Defendants advance, foremost, a highly technical argument-but it boils down to an assertion that they received plaintiffs' summons several days late. Under Federal Rule of Civil Procedure 4(m), "[i]f a defendant is not served within 120 days after the complaint is filed, the court... must dismiss the action without prejudice against that defendant or order that service be made within a specified time." The plaintiffs narrowly missed that 120-day deadline. They filed their original complaint on March 10, 2014, but neglected to request a summons. The 120-day period to issue a summons, then, expired on July 8, 2014. But instead of serving the defendants, plaintiffs filed an amended complaint on July 9, the summons for which was issued on July 11 and served on July 15. In short, the defendants received the summons and amended complaint immediately after the amended complaint was filed, and only a few days after the service deadline for the original complaint.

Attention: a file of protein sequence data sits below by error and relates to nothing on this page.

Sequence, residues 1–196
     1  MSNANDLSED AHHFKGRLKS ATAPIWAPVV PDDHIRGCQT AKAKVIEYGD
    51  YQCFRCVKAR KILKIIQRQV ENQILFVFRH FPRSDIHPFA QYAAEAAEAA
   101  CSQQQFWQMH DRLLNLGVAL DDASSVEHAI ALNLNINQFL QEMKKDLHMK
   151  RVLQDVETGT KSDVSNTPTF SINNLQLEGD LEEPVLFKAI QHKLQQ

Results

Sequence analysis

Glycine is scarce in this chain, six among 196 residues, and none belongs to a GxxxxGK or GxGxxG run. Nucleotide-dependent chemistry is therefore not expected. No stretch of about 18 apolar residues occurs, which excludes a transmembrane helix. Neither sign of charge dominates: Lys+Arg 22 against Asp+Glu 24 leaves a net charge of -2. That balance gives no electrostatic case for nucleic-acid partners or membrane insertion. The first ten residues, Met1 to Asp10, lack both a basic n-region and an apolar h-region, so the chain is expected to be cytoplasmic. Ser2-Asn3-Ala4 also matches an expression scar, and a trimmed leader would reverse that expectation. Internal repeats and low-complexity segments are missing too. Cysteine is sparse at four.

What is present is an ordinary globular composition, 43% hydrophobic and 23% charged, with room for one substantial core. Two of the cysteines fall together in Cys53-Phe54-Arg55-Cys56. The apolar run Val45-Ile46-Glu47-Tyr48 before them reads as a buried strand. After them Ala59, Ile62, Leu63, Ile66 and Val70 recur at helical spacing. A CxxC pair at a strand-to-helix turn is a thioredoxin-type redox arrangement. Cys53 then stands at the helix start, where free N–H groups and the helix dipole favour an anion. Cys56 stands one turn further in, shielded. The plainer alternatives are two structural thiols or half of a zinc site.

The defendants attach greater importance to this problem than one might typically expect. They point out that the original complaint was never served at all. Thus, the contention goes, the amended complaint cannot relate back to it. And the amended complaint, standing alone, was not filed within ninety days of the right-to-sue letter, as required. See 42 U.S.C. § 2000e-5(f)(1). The syllogism, as ...